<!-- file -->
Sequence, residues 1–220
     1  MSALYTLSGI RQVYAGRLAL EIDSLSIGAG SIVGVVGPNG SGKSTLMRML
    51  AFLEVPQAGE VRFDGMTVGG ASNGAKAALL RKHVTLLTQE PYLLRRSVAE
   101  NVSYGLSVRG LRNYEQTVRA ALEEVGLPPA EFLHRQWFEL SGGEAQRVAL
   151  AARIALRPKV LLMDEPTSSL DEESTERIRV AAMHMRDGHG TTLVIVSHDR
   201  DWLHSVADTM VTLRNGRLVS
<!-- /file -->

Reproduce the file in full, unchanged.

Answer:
Sequence, residues 1–220
     1  MSALYTLSGI RQVYAGRLAL EIDSLSIGAG SIVGVVGPNG SGKSTLMRML
    51  AFLEVPQAGE VRFDGMTVGG ASNGAKAALL RKHVTLLTQE PYLLRRSVAE
   101  NVSYGLSVRG LRNYEQTVRA ALEEVGLPPA EFLHRQWFEL SGGEAQRVAL
   151  AARIALRPKV LLMDEPTSSL DEESTERIRV AAMHMRDGHG TTLVIVSHDR
   201  DWLHSVADTM VTLRNGRLVS